Why did I think World Building would be any different? 

Now, I'm wondering what other important details I got wrong. Before I do a final review of my novel, I'm going to read my World Building journal. It sounds like such an obvious thing to do, doesn't it? 

Tuesday, January 10, 2012

Possessed by the Story

Characters have been fleshed out, the world building is done, the story arch is set- now, my novel is writing itself. My characters are telling me what they would say or do in this situation. The world is showing me what would happen next.

It's telling me the powers don't work that way, they work this way. I didn't make the decision to describe what my characters were seeing when they walked through the village (I hadn't planned on them walking through it actually) but, when I reached that point in my story, the words just came.

I didn't decide my characters would react this way to what they were seeing, their reactions sort of came out of me. I didn't think, "In the end, this character will marry this one," they just fell for each other.

It's strange thinking of the story, my characters and their world as though they were living beings but it has to be done. If the story doesn't come alive for me, will it for the reader?

Do I maintain any control over how things unfold? I'd like to think I do but only in the sense that I could stop writing it.

No, not even that is under my control. This series wouldn't let me stop until it's done. It's haunting me all the time with character interactions, places where more research is needed, characters' past and how it affects them in the story. I even dream about them! My mind is putting the characters in situations that have nothing to do with the story.

I've passed the point where I could stop writing- if that point existed in the first place. Do we really make the decision to write the story or does the story make it for us?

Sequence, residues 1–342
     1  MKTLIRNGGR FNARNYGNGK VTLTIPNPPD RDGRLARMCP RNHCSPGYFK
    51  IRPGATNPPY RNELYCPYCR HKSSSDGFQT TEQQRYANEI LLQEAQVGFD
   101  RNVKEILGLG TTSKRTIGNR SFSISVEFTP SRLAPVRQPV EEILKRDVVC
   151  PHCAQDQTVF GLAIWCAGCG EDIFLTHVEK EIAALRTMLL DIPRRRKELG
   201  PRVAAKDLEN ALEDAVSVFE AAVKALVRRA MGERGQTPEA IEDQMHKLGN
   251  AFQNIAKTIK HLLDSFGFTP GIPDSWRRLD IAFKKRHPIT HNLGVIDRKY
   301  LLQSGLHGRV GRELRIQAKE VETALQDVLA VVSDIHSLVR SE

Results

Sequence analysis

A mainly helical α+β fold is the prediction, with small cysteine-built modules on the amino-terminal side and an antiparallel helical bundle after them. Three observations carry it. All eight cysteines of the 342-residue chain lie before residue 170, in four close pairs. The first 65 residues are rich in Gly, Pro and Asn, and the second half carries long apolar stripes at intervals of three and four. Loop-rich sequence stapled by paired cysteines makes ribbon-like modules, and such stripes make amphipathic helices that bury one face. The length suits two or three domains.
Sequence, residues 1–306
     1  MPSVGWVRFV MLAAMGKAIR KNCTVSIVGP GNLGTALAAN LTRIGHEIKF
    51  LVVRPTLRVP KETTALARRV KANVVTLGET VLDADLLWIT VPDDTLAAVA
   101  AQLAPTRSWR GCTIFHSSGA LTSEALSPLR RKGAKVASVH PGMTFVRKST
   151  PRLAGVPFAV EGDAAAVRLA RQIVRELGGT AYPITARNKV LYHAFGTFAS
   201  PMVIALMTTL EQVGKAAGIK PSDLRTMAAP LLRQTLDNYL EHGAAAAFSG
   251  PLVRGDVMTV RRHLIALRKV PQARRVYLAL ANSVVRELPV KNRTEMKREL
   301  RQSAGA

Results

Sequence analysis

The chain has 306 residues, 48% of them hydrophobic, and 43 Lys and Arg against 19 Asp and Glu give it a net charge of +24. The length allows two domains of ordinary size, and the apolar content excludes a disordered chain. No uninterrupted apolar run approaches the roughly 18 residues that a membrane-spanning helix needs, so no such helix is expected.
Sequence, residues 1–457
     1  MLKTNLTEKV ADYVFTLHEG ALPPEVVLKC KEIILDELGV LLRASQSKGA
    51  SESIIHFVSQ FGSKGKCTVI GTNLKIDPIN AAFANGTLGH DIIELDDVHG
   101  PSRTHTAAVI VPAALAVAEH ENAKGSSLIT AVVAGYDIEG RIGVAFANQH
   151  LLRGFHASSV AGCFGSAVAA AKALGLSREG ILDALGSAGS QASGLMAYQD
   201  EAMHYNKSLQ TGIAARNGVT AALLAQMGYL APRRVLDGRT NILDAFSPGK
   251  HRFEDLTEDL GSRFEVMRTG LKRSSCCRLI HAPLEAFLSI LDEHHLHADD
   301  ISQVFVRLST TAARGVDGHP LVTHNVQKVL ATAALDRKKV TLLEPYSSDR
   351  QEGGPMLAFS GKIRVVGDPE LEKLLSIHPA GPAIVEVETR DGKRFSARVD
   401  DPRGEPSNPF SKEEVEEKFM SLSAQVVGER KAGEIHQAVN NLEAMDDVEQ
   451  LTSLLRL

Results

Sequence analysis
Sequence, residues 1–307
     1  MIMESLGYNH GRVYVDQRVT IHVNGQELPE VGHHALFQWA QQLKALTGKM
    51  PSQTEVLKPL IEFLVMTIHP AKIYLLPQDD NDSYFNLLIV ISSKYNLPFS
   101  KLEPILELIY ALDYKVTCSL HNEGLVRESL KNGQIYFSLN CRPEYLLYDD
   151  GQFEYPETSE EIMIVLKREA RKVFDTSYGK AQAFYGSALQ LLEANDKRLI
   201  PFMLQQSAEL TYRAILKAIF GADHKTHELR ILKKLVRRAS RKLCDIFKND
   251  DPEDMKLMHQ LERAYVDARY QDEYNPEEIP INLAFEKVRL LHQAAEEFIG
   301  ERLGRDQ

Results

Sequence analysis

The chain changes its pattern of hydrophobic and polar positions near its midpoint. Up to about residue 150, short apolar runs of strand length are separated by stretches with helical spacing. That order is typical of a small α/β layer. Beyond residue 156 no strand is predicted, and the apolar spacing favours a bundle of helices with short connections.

In my case, the story or scene comes to me and I have to follow where it leads. Okay, I could ignore them when they pop into my head but, in the end, they wear me down.

It's far easier to follow the story.

 I've said this in other posts but I see it now more as I'm reaching the end of my first novel and watching how everything is falling into place so perfectly.

This is how it's supposed to be. I needed to distance myself from my novel to reach this point. Things can't be included simply because I like the way they sound. In the end, the story is not about me.

Thursday, January 5, 2012

Pop Culture Reference in Fiction

I just finished reading The Guardian by Sherrilyn Kenyon. It was an interesting story. I might have to check out her other books. What bothered me about the story, though, were the pop culture references.

I don't like them in my fiction, especially not my fantasy. They pull me out of the story. They date the book. I want people ten years or even twenty years from now to be able to understand my stories. I'm pretty sure this topic has been discussed countless times. I guess it comes down to personal preference.